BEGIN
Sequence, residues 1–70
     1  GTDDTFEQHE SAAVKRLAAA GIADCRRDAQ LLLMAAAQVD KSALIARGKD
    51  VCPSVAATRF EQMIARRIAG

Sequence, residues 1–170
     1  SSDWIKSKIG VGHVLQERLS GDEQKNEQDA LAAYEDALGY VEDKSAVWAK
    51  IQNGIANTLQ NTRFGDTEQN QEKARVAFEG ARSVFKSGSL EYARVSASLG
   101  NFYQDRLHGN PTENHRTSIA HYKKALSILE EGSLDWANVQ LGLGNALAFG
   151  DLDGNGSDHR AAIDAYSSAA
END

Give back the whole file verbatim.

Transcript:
Sequence, residues 1–70
     1  GTDDTFEQHE SAAVKRLAAA GIADCRRDAQ LLLMAAAQVD KSALIARGKD
    51  VCPSVAATRF EQMIARRIAG

Sequence, residues 1–170
     1  SSDWIKSKIG VGHVLQERLS GDEQKNEQDA LAAYEDALGY VEDKSAVWAK
    51  IQNGIANTLQ NTRFGDTEQN QEKARVAFEG ARSVFKSGSL EYARVSASLG
   101  NFYQDRLHGN PTENHRTSIA HYKKALSILE EGSLDWANVQ LGLGNALAFG
   151  DLDGNGSDHR AAIDAYSSAA